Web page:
The neighborhood of Yurakucho in Tokyo is known today as a shopping and dining area, but also for its rows of restaurants and casual eateries under the brick arches along the elevated tracks of the JR Yamanote line and along the streets that flank the tracks on either side of the station.

At first glance, a shop like Café Benisica may seem out of place in this area surrounded by cheap izakayas and yakitori shops. In the Showa Era, however, before BIC Camera took over the land where the Sogo Department Store used to thrive, before the Nichigeki movie theater closed in the 80s and Yurakucho, together with neighboring Hibiya, was the heart of the movie and entertainment district of Tokyo, Café Benisica was one of many coffee shops in the area. Due to its proximity to the station and the movie theaters, it was also a favorite hangout for couples before going out to an afternoon or an evening in front of the silver screen.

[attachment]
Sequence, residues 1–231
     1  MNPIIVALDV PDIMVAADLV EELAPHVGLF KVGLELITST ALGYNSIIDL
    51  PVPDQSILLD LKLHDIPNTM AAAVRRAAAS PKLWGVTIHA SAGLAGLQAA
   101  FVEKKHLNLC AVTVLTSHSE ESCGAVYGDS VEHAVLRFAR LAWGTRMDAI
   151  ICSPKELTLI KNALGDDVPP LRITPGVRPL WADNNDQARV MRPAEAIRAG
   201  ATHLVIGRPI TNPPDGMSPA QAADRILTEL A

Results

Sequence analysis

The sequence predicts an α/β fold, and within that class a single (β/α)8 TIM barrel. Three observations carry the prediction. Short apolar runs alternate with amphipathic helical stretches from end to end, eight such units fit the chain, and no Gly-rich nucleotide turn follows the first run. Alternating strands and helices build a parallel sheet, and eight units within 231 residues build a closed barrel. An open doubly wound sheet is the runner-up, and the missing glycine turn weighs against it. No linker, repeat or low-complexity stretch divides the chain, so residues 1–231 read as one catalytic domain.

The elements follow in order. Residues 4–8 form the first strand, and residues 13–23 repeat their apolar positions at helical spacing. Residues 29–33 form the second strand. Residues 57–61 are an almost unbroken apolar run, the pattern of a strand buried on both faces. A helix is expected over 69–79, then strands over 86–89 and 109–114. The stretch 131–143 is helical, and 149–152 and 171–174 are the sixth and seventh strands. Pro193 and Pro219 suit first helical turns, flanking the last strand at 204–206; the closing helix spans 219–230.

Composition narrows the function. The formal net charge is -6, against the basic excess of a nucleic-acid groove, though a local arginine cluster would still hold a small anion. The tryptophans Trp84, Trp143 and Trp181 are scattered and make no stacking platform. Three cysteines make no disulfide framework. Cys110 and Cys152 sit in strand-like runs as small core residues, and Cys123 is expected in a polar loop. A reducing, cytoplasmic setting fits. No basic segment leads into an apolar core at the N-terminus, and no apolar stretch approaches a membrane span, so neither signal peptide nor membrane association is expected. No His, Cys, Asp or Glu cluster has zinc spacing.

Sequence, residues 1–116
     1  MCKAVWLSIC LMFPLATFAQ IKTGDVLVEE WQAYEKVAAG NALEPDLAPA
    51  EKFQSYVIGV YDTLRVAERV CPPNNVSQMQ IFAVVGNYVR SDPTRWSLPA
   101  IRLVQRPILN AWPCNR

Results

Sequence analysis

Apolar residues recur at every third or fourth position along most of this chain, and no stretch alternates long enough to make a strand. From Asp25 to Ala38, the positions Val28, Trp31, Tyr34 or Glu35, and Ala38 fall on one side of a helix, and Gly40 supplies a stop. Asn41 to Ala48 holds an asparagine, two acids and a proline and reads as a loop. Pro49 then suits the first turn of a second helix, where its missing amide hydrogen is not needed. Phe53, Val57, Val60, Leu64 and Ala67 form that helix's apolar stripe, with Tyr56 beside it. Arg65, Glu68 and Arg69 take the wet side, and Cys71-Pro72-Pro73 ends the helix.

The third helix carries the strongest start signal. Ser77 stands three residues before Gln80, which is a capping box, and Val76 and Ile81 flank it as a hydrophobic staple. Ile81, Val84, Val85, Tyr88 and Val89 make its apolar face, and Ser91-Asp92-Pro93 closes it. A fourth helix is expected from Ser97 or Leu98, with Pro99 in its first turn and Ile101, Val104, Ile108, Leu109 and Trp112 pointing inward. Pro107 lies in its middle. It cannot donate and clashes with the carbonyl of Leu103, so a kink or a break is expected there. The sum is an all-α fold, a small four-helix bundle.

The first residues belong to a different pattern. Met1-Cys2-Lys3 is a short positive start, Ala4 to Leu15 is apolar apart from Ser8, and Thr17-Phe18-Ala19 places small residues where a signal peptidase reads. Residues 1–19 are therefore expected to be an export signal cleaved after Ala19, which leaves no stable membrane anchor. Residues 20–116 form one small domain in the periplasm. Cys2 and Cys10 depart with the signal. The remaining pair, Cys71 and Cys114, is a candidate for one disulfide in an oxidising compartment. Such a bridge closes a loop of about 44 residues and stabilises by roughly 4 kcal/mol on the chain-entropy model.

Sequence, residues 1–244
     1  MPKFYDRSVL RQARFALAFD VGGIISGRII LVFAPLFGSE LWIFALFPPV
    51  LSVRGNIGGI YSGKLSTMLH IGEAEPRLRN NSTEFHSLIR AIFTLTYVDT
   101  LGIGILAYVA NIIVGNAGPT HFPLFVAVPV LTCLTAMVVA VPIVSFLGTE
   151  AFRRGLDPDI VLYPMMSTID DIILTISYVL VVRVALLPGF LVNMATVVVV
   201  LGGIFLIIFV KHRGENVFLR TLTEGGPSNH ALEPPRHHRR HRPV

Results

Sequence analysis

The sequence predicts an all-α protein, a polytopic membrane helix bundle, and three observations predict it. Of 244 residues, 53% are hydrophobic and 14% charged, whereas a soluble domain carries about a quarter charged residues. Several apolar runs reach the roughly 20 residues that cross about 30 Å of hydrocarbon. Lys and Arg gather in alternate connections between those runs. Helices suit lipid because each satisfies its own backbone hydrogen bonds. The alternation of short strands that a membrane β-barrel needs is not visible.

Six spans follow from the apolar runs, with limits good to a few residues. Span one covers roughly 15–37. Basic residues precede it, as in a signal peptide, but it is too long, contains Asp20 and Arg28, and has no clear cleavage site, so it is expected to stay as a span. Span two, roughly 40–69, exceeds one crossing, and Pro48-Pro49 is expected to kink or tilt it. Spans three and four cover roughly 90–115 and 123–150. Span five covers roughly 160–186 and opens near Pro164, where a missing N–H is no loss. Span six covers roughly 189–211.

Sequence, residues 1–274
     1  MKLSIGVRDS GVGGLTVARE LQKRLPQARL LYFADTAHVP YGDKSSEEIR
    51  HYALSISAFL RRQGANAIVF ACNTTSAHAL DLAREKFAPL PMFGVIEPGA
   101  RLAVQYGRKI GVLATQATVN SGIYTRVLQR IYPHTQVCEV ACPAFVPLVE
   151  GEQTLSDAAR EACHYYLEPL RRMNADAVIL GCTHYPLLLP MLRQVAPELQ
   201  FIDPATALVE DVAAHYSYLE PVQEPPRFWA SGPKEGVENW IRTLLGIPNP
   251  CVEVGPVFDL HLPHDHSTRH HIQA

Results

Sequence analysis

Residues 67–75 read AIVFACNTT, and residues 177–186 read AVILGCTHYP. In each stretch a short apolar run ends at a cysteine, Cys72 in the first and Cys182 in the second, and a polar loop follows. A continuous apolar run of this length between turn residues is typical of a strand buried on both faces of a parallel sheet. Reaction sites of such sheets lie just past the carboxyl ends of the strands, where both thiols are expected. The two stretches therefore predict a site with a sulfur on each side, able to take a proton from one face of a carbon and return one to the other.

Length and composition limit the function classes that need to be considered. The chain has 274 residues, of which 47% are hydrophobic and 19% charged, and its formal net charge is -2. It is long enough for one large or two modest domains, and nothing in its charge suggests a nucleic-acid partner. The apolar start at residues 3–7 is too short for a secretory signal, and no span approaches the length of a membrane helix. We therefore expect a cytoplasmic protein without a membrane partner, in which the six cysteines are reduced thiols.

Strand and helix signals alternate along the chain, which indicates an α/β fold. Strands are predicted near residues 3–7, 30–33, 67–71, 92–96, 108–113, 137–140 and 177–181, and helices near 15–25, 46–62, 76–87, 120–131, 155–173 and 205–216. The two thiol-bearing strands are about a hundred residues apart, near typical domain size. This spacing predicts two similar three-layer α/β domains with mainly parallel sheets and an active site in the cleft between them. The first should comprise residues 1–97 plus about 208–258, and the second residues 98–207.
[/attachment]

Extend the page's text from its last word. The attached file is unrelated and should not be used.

Although most of the other Yurakucho coffee shops from that era have disappeared, Café Benisica has weathered the tide of the times, supported by the community as well as faithful patrons.

Café Benisica

On first approach, the window display makes it clear that this is an establishment with history. Tall siphon brewing machines from a former era share space with menus and food displays.

source: Grape Japan

source: Grape Japan

Siphon Brewed Coffee

Step inside. After you get adjusted to the warm, yellow light and the nostalgic decor, you'll surely notice the coffee counter where you are presented with further evidence that Café Benisica takes siphon-brewing seriously.